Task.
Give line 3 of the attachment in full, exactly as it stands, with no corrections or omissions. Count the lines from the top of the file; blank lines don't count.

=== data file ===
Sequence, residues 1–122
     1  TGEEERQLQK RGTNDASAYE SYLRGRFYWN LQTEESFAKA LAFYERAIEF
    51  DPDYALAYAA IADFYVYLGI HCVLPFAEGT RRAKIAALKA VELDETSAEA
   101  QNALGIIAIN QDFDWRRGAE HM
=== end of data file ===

    51  DPDYALAYAA IADFYVYLGI HCVLPFAEGT RRAKIAALKA VELDETSAEA